Yeah, riding high on love's true bluish light
I love when I find music that I can share with my children, because there is nothing quite so infectious as a child's positive response to new music--I played the new CD We Started Nothing from The Ting Tings on the way to get an allergy shot, and the kids were instantly hooked. This makes me extremely happy.
I'd love to be able to play the new CD from Buckcherry, Black Butterfly, for them, but it has a parental advisory, probably because it has the word %&^$#, also the word *&$#@! and the word %&$#@**, which they manage to use as a noun, verb, adjective, adverb, and somehow, a preposition. They also talk about using (&*^, putting a $%@# in a *&^#@#, and &&*&^$ sideways in a tree house. There are also some tender love songs.
I feel hypocritical denying my children the trashy, %$@#*&ing glory of Buckcherry, first because I've listened to it daily (One of my favorite bands, I sprang for the deluxe edition because it has two extra songs)since getting it, and also because I think I was about my daughter's age when I began listening to, um, "Rated R" music like AC/DC, Kiss and Van Halen, bands that today seem pretty tame on the overall-offense-to-society scale. Within a few years though, my taste--although quite broad--would expand to include the Dead Kennedys and Slayer, bands I definitely don't want my kids to listen to at this point--which of course just makes me feel even more hypocritical, because I think listening to the DK's at an early age helped shape, in a very positive way, my political world view--Jello Biafra's social conscience, although shrill at times, definitely got me thinking about social conditions in a way I might not have, and years later I'm greatly thankful for that experience. I feel hypocritical also because I really can't make any argument about Slayer being socially redeeming in any way--but I love, love their music, the visceral punch of it. My ringtone is "Rain in Blood". I have 27,209 songs on my iPod, and I'd let my kids listen to maybe 1200 of them. What a jerk.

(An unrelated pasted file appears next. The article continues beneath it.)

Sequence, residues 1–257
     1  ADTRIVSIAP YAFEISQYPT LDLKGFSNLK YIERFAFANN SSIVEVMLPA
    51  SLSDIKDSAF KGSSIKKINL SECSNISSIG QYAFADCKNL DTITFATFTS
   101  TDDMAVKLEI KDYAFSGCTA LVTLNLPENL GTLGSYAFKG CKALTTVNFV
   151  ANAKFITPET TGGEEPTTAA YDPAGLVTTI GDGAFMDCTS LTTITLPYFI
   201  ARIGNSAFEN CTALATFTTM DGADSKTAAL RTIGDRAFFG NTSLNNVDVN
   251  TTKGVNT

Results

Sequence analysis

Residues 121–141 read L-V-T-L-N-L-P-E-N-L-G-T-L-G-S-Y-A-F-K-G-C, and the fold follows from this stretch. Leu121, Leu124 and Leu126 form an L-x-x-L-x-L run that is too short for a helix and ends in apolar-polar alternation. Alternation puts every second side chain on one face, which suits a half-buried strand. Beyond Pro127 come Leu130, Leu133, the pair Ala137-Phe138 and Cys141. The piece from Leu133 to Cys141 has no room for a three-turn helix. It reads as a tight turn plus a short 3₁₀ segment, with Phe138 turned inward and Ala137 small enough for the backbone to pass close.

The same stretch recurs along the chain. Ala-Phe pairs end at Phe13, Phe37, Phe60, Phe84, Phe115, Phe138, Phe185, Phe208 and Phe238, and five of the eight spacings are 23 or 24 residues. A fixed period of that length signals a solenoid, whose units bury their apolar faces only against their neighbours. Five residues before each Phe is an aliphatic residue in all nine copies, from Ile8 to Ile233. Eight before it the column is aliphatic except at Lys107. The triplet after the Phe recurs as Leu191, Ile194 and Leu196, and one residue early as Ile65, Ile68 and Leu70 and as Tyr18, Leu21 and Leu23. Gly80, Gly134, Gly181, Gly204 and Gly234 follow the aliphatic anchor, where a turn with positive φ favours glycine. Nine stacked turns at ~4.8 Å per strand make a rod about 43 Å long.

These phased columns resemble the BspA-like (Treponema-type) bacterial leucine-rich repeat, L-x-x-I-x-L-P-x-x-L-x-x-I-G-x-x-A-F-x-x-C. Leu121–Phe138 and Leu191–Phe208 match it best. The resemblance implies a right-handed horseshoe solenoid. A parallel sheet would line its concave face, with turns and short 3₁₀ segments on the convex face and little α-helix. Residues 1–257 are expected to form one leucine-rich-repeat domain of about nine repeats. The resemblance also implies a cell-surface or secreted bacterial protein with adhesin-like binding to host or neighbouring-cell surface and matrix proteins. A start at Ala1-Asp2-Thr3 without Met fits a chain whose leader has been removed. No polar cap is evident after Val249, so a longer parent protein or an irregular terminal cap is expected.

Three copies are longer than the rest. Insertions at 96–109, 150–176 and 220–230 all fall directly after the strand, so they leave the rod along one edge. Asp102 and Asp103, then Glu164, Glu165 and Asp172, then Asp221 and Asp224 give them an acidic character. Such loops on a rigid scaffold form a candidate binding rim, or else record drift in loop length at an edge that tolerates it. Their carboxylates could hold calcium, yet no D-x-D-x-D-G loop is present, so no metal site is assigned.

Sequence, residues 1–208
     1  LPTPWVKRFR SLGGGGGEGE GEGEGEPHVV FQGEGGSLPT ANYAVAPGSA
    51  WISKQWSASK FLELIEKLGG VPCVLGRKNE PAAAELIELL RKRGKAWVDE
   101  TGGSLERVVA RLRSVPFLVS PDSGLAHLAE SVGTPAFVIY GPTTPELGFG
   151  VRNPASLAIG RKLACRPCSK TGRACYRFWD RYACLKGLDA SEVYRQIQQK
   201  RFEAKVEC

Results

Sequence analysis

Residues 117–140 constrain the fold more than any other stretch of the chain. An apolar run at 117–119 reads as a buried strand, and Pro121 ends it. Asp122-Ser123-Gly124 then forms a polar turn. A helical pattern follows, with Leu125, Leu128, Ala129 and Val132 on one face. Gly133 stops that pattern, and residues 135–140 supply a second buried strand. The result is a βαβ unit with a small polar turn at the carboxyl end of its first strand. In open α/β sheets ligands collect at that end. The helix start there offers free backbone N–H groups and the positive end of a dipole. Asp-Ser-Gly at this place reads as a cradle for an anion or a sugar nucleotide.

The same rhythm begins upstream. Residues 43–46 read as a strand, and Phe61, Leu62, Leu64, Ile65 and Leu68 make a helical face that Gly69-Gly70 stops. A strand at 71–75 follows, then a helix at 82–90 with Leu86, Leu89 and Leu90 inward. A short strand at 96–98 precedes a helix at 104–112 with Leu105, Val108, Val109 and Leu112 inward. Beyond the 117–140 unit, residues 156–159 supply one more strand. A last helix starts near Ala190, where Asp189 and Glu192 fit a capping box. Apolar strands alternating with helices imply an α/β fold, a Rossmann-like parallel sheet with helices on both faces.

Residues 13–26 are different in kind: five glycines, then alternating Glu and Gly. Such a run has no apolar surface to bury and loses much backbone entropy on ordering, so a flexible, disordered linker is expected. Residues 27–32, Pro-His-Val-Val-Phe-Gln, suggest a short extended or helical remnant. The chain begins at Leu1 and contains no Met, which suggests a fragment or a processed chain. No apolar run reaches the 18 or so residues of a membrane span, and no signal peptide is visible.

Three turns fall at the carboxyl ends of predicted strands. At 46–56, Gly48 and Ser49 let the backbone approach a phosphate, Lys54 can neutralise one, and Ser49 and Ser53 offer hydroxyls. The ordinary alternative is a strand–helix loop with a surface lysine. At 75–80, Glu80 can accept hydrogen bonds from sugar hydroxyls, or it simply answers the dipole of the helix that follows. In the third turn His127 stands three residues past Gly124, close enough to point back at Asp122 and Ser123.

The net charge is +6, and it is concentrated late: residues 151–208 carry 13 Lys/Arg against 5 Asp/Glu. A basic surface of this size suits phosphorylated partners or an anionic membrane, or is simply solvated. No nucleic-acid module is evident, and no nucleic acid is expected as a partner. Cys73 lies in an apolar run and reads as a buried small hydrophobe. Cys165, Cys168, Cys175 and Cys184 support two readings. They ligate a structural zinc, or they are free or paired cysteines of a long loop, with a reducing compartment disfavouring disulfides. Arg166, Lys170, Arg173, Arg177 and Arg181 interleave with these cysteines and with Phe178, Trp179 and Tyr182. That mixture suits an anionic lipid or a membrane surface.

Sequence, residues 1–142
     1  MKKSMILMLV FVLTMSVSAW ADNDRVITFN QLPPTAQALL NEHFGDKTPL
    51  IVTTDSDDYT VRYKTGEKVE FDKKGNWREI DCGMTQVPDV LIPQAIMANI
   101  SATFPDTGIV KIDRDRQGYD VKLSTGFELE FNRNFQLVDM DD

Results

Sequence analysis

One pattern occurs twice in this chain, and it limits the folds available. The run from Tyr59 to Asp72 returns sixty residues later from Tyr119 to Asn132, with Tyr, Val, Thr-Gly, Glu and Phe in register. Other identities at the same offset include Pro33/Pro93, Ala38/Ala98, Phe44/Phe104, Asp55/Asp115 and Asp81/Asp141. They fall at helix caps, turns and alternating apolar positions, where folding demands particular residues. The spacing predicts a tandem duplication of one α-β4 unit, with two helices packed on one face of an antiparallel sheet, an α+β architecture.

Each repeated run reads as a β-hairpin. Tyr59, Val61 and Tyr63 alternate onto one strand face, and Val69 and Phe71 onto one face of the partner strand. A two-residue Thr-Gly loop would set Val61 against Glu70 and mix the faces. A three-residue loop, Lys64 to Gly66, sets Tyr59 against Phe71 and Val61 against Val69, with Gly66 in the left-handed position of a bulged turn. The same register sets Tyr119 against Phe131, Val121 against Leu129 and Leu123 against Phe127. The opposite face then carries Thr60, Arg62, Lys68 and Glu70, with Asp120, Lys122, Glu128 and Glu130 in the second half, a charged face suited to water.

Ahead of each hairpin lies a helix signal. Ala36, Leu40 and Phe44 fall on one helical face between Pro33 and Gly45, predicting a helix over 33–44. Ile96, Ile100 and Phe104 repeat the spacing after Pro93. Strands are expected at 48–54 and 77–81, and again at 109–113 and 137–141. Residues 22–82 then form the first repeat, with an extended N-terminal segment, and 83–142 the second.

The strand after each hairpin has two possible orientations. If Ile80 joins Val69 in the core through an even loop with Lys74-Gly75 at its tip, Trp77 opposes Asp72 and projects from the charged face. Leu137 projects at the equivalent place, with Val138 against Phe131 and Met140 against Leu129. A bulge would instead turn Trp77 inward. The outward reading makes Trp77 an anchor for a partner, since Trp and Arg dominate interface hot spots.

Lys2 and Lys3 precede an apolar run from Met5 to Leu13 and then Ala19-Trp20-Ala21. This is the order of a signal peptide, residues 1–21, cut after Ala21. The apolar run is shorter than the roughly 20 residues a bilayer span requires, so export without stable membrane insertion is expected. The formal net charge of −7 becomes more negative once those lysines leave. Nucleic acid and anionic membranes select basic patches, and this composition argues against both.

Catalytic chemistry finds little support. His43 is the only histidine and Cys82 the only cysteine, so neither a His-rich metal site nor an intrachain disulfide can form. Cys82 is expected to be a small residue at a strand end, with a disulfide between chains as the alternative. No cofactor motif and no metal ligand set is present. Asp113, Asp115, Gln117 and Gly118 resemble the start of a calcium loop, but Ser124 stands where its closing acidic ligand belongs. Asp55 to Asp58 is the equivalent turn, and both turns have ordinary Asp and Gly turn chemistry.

Putting all this internal angst aside, I love the Ting Tings, and I love that my kids love the Ting Tings. Exuberant is the first word that comes to mind when I try to describe their music; We Started Nothing is the sound of a band (two insanely talented people, really--Katie White, who plays guitar, the bass drum, and sings, and Jules Di Martino, who plays drums,electronics, and sings). Katie, as the lead voice of the band, has an energetic delivery that is sassy and sharp. She has a wonderful voice; airy and sweet in "Traffic Light", punchy and forceful in "That's Not My Name" (my current vote for song of the year). From the opening tune "Great DJ", the Ting Tings (who took their name from a Chinese coworker of Katie's, how cool is that? And it is a Mandarin term for "band stand") the Ting Tings establish themselves as pure pop, pure fun. There isn't a bad song on the album, which alone is a rarity these days, but each song on the disc might actually be great. Like, stunningly great, so hook-y and smart. There are traces of some earlier woman fronted bands like Blondie and the B-52's here (and also not as widely known bands like Bow Wow Wow, Dee Lite and the Sundays, I think), but the overall effect is something fresh and new. I recommend it highly if you need a new happy music CD (and who doesn't) and/or something you can listen to with kids in the car.
Although, my kids were a little stunned when I played "Shut Up and Let Me Go", because of the song's liberal use of the "S-word" in the chorus--they think "Shut-Up" is the S-word, God love them.
I love my kids. I love the Ting Tings. You will, too.